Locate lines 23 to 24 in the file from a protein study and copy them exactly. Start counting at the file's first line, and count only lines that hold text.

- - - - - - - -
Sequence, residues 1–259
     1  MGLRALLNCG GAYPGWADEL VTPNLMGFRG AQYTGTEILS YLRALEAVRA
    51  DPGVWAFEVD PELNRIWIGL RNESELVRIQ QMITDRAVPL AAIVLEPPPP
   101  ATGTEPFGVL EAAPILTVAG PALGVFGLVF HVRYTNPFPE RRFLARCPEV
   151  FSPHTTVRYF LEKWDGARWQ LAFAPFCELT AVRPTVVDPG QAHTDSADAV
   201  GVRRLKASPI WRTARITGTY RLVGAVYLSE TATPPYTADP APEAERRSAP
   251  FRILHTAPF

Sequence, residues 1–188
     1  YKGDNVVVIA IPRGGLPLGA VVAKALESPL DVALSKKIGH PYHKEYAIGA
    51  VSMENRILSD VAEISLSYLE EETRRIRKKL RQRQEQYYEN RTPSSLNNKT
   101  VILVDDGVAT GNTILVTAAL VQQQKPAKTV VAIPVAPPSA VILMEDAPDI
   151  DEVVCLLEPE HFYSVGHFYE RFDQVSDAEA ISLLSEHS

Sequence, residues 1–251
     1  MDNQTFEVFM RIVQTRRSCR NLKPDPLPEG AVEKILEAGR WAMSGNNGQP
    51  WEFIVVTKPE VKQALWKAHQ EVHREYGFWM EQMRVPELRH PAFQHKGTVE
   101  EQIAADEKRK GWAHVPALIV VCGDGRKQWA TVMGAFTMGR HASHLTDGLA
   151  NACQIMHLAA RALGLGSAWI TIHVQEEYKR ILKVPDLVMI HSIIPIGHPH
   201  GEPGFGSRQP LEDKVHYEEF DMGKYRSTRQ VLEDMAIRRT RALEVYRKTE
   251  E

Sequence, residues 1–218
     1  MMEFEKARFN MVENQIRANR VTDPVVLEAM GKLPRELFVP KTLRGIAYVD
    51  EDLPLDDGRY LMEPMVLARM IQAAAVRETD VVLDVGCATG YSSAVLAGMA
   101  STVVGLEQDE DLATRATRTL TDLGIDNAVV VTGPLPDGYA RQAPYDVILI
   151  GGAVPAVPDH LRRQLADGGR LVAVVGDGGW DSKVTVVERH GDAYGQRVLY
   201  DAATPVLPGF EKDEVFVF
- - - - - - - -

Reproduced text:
   101  STVVGLEQDE DLATRATRTL TDLGIDNAVV VTGPLPDGYA RQAPYDVILI
   151  GGAVPAVPDH LRRQLADGGR LVAVVGDGGW DSKVTVVERH GDAYGQRVLY